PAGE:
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High symptom burden in transplant-ineligible patients with newly diagnosed MM

Presented by
Dr Hira Mian, McMaster University, Canada
ASH 2020
“Despite many advances in therapeutics, transplant-ineligible patients with multiple myeloma (MM) still experience high symptom burden,” Dr Hira Mian (McMaster University, Canada) stated. “Our results demonstrate that this is especially the case during the first 3 months following diagnosis. Although there is an improvement, even at the 1-year mark, a significant symptom burden remained.”

Patient-reported outcomes (PROs) represent an opportunity to both understand the magnitude as well as the temporal trend of symptom burden. The presented study investigated PROs, assessed by the Edmonton Symptoms Assessment System (ESAS) scores, from transplant-ineligible patients with newly diagnosed MM [1]. ESAS is a validated outcome tool assessing the severity of 9 common cancer-associated symptoms: well-being, pain, tiredness, anxiety, depression, drowsiness, lack of appetite, nausea, and shortness of breath. Patients report symptoms from 0 (no symptoms) to 10 (worst symptoms), with score ≥4 representing clinically significant moderate-to-severe symptoms.

In this retrospective study, a high proportion of the cohort (n=2,876) reported moderate-to-severe symptoms at diagnosis, with tiredness (64%) and impaired well-being (60%) being among the most prevalent and nausea being the least prevalent (13%). Most symptoms decreased over the first year, with the largest decline happening in the first 3 months. One year after diagnosis, over 25% of the cohort still reported ≥1 of the following moderate-to-severe symptoms: tiredness, pain, impaired well-being, drowsiness, or loss of appetite. Self-reported depression rates marginally decreased over time but were still at 18% after 1 year. “In our study, we were also able to identify a number of factors that are associated with high symptom burden,” Dr Mian continued. “These included lower age, female sex, urban geographic location, poor socioeconomic status, and earlier year of diagnosis.”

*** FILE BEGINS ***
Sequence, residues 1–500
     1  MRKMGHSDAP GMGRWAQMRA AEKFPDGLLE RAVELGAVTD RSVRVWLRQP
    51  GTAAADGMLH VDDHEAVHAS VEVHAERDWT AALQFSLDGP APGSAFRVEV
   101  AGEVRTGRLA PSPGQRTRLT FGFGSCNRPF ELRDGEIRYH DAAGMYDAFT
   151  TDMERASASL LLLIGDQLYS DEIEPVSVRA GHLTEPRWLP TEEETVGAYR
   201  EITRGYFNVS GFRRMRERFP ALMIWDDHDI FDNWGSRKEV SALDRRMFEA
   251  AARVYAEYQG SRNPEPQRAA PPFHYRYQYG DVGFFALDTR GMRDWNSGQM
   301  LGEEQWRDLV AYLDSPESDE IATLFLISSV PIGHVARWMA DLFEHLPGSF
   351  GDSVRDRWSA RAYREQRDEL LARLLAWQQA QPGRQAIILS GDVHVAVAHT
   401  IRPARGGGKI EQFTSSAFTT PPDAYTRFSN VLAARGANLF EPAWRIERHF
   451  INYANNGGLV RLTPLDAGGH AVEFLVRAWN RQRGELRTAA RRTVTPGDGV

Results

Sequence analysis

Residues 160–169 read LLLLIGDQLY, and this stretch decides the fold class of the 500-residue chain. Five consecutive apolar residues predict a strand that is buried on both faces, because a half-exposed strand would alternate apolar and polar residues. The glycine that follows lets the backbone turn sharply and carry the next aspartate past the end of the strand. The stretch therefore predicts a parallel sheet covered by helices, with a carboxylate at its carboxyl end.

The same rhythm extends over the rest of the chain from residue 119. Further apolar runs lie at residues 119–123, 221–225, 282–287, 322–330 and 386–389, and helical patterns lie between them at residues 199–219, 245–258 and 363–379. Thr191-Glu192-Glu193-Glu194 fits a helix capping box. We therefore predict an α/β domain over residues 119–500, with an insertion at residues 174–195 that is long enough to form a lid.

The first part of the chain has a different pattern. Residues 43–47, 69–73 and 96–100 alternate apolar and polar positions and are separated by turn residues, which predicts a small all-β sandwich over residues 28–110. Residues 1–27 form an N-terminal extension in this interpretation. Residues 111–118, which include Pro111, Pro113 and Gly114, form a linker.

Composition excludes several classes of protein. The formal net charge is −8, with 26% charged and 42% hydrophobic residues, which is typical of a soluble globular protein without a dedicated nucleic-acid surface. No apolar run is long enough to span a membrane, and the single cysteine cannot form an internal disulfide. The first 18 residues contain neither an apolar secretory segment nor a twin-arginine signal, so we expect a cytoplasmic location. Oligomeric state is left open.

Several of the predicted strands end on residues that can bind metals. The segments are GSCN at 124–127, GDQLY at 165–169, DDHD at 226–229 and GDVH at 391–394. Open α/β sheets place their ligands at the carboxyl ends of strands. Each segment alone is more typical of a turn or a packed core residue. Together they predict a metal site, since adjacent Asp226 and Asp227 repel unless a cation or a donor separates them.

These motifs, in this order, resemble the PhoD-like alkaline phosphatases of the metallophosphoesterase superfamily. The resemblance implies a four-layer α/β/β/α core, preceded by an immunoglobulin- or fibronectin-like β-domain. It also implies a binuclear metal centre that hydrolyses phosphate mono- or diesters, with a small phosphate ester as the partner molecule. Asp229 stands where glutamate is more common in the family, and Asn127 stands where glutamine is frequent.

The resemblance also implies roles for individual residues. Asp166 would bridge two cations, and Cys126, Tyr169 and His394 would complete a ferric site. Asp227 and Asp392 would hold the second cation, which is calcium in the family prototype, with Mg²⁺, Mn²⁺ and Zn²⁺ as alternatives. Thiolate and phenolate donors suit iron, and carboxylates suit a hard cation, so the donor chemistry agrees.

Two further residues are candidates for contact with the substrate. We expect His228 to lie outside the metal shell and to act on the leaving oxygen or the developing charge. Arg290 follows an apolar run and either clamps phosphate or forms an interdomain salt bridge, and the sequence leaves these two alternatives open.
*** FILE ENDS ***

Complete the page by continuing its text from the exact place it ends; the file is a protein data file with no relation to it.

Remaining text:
This study represents the largest longitudinal study to date on symptom burden among patients with MM using PROs. Future studies aimed at targeted intervention are needed early in the disease course to alleviate symptom burden for at-risk patient groups.

  1. Mian HS, et al. Symptom Burden in Transplant Ineligible Patients with Newly Diagnosed Multiple Myeloma: A Population-Based Study of Patient-Reported Outcomes. 62nd ASH Annual Meeting, 5-8 December 2020. Abstract 439.

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